Wednesday, February 10, 2016

Entangled Objects, Week 3: The Power of Touch

Let me preface my look at these two books for Week 3 of Entangled Objects with a small proviso: from 1993 to 1997, I studied medieval History and Literature as an undergraduate. My focus was mostly on vernacular literature in Middle English, Old French, and Tuscan Italian and my senior undergrad thesis was on the historical person and the literary stock character of the student clerk in both historical accounts and in vernacular literature of the 13th and 14th centuries.

While it has been a long time since I've delved full-on into medieval Europe, I've definitely kept my oar in, so to speak, on medieval studies. The field is going in exciting new directions in the past two decades, but I'd not yet encountered either of the books on this week's syllabus. Also please note: I spent much more time dissecting Christian Materiality than Medieval Robots.

I reacted to the thesis of Caroline Bynum's Christian Materiality: As Essay on Religion in Late Medieval Europe as conveyed in its introduction with a good deal of skepticism. While I was intrigued and excited by her initial statements about ideas of generation and corruption being central to the medieval experience (Bynum 30), I was a little more curious about how she would explain her idea that the materiality of late medieval cult objects as objects was central to their meaning and importance as objects of devotion (Bynum 28).

Through the next four chapters of argument, Bynum wanders far and wide through much of medieval and early Renaissance theory and praxis on relics, sacramentals, and other holy objects in Christendom. And her logical steps in explaining her theses are ultimately very satisfying, even if in the middle of the journey I was not always certain about where I was being led.

As an undergrad, I always had problems understanding the non-representationism of medieval art. I think in high school I was programmed to find Renaissance art's use of perspective, realism, and aesthetics to be superior to medieval art. Bynum assuages this long-standing discomfort in her first chapter by conveying that different values were placed on the specific aspects of medieval devotional art and what it chose to represent. For both the medieval parishioner and the medieval theologian, the symbols of martyrdom – "the Wheel," "the Eyes," "the Arrows" – became a symbolic shorthand for the saint's identity (Bynum 61), so these would often be given visual importance in pieces of art. The materials from which the icon, statue, reliquary, or image was made were also essential to understanding the powers and identity of the figure depicted (Bynum 59). The moving parts of works of art, especially those meant to move, transform, open, or close in reliquaries or effigies, also provide the worshipper with a new experience depending on time of week or liturgical year. And the tangibility of relics was essential to their purpose (Bynum 65); the devout were meant to touch, kiss, and taste the surfaces and products of the miraculous relic.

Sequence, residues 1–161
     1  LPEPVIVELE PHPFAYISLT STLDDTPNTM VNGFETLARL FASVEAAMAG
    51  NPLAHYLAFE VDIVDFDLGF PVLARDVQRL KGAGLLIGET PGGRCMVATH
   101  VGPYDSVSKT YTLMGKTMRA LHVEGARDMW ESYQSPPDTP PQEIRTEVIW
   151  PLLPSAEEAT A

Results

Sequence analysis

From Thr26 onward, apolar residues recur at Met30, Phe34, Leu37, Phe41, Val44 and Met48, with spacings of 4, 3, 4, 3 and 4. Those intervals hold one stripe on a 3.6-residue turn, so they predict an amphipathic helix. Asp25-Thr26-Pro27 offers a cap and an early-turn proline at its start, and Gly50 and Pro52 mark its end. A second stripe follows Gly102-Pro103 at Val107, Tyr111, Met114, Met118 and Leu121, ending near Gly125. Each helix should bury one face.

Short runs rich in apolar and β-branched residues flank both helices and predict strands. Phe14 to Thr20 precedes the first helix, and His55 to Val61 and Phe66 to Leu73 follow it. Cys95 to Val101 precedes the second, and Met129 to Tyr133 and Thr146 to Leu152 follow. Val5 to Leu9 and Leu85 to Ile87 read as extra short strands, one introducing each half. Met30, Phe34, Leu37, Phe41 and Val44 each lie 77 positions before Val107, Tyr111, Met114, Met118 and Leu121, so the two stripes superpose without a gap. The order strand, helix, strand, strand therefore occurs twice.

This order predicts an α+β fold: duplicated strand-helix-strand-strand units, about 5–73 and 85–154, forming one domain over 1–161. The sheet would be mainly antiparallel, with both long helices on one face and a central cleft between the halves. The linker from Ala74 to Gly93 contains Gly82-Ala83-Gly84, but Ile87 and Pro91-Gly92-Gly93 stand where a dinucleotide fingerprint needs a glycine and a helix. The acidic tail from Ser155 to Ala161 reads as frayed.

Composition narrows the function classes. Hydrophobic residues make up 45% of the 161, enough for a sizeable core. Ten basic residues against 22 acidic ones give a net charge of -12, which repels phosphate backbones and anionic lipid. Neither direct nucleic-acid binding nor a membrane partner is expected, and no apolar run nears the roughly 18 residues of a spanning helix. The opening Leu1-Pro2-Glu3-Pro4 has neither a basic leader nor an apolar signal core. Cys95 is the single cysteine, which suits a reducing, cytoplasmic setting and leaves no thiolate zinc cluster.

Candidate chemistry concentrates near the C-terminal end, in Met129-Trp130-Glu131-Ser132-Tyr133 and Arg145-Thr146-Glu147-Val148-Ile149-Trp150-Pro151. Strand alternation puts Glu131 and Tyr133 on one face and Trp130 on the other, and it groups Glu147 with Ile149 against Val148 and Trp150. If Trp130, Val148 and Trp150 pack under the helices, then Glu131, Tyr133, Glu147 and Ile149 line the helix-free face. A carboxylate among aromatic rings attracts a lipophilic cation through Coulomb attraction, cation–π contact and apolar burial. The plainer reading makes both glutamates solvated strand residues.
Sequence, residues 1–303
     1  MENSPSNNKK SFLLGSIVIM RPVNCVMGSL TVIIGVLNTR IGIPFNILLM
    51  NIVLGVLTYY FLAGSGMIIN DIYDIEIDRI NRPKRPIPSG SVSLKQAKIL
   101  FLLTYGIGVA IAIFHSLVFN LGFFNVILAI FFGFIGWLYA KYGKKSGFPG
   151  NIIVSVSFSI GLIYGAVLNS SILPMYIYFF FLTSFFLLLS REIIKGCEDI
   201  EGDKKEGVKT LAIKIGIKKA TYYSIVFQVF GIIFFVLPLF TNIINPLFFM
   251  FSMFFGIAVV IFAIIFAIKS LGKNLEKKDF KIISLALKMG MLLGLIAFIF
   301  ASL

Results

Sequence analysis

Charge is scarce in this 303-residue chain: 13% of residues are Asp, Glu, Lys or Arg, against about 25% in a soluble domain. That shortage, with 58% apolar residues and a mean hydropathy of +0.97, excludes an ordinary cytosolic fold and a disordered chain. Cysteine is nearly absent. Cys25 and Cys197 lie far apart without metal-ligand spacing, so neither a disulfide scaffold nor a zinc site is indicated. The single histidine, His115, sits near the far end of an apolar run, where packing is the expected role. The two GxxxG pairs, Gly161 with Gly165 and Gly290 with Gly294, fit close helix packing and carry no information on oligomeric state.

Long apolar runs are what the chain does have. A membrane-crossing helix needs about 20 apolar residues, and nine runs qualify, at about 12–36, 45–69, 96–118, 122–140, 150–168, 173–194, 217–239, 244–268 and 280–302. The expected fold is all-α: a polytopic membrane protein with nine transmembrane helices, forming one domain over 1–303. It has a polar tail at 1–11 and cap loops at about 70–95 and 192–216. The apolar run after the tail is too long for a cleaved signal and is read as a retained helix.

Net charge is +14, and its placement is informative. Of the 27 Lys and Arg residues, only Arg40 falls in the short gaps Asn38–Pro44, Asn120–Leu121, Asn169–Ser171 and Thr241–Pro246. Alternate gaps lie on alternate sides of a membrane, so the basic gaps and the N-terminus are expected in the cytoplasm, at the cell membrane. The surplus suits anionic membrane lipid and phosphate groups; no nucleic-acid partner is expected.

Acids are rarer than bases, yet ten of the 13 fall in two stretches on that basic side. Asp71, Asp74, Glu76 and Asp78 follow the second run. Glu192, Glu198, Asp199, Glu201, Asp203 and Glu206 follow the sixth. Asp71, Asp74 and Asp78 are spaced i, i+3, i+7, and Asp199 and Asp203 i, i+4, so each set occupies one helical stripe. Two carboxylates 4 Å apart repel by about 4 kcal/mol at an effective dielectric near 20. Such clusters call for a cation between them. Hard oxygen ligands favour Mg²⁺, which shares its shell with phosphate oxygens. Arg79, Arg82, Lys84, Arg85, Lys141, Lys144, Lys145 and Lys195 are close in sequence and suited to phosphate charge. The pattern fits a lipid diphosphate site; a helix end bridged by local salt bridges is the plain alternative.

In chapter two, the power of relics to change and heal and inspire and primarily to transform is discussed. Bynum's discussion of visions of real flesh and blood in the Eucharistic bread and wine (Dauerwunder) is fascinating and one I was not familiar with. In ancient and medieval Eucharistic theology and Christology, leading right up to the Fourth Lateran Council, there is this feeling of... an indicator needle that needs to be precisely balanced between purely symbolic transformation in the Eucharist and a full physical one. Much like the duality of Christ himself, the duality of the Eucharist is a dangerous balance to strike. One false move and you are a heretic. But just because these paradoxes are abstruse to the modern reader does not mean that they were as difficult to understand for the medieval worshipper. And these changes, these unreal bleedings and be-fleshings and the other excretions of statues of miraculous oil and milk, these denials of the usual earthly cycle of generation, these tangible miracles are the things that fill the medieval observer with a powerful inspiration and faith. Understandably, these expressions of folk faith sometimes made theologians and clergy anxious, as they moved that needle I mentioned above solidly into materiality.

It is in chapter three that we find ourselves face to face with the flipside of spontaneous miraculous generation: the anxiety over the nature decay or unnatural preservation of body parts in relics. Incorruptibility isn't a necessity for a relic, but it can and does provide power in its denial of the ordinary cycles of generation and corruption. For those relics that are the product of decay, the glory of gems, gilding, and fine art or the symbology of unchanging gems or flourishing flowers on a permanent, decayed body part (bones or ashes) is meant to lend the aura of immortality and of the Kingdom of Heaven to the relic (Bynum 71, 181-182). The anxiety over relic as piece of the whole is assuaged with the promise of eventual miraculous bodily Resurrection as well as the idea of Eucharistic concomitance (Bynum 208 et subseq.); Christ's body and blood can be in multiple places with the same holy power during many celebrations of Eucharist, and the power of Christ dwells simultaneously in both bread and wine.